Language Maintenance and Language Death
The decline of Texas Alsatian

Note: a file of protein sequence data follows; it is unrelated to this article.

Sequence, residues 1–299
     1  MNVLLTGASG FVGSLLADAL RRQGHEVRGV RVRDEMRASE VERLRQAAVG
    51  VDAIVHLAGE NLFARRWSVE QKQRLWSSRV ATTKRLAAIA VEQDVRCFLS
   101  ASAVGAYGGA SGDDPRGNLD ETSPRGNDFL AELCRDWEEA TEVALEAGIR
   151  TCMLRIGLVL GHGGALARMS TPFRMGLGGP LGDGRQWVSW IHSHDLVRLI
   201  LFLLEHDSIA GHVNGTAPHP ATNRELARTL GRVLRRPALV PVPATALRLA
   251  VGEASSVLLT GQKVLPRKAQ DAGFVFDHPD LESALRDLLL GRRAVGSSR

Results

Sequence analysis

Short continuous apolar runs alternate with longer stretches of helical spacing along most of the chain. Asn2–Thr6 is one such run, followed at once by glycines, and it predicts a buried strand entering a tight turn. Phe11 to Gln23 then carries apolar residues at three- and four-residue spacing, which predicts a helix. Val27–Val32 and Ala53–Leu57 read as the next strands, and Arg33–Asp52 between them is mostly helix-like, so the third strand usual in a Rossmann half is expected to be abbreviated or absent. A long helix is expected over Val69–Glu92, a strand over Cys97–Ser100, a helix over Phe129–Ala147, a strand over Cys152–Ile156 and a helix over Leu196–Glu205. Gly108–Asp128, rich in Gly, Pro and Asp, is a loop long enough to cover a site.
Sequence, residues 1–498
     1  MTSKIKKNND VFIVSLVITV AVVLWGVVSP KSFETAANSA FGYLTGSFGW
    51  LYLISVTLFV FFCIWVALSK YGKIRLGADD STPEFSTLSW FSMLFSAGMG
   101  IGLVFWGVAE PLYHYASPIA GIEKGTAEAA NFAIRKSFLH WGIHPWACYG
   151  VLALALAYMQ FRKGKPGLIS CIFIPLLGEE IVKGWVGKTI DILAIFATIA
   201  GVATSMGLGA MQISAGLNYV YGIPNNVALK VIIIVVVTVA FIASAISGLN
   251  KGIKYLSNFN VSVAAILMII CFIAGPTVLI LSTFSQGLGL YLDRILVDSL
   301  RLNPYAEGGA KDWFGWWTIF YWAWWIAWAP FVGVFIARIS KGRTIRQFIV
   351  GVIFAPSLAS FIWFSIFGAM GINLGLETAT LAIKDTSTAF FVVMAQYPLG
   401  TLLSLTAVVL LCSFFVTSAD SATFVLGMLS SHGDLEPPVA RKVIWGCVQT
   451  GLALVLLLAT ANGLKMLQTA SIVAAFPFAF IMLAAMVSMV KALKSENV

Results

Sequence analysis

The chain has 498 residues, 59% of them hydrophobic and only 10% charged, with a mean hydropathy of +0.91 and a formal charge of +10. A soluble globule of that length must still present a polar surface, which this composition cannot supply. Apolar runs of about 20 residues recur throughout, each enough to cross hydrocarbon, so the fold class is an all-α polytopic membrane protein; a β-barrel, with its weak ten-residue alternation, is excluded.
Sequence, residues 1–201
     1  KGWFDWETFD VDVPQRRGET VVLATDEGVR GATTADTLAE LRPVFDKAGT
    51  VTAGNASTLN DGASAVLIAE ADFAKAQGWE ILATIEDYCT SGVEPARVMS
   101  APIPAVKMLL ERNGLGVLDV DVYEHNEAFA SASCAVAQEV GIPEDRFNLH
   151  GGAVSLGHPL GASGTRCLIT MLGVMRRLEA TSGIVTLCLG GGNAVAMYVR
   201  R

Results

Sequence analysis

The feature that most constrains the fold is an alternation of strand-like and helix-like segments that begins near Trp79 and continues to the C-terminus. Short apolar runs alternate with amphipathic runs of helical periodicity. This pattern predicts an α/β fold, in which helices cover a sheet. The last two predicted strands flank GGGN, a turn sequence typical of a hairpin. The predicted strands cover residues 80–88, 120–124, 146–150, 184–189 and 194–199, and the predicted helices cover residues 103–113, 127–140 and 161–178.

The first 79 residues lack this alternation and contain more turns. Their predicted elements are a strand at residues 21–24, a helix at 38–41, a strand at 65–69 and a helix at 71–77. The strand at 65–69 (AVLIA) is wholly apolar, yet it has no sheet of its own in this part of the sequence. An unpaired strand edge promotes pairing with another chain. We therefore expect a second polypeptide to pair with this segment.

This book provides the first extensive description of Texas Alsatian, a critically-endangered Texas German dialect, as spoken in Medina County in the 21<sup>st</sup> century. The dialect was brought to Texas in the 1840s by colonists recruited by French entrepreneur Henri Castro and has been preserved with minimal change for six generations. Texas Alsatian has maintained lexical, phonological, and morphosyntactic features which differentiate it from the prevalent standard-near varieties of Texas German. This study both describes its grammatical features and discusses extra-linguistic factors contributing to the dialect’s preservation or accelerating its decline, e.g., social, historical, political, and economic factors, and speaker attitudes and ideologies linked to cultural identity. The work’s multi-faceted approach makes its relevant to a broad range of scholars such as dialectologists, historical linguists, sociolinguists, ethnographers, and anthropologists interested in language variation and change, language and identity, immigrant dialects, and language maintenance and death.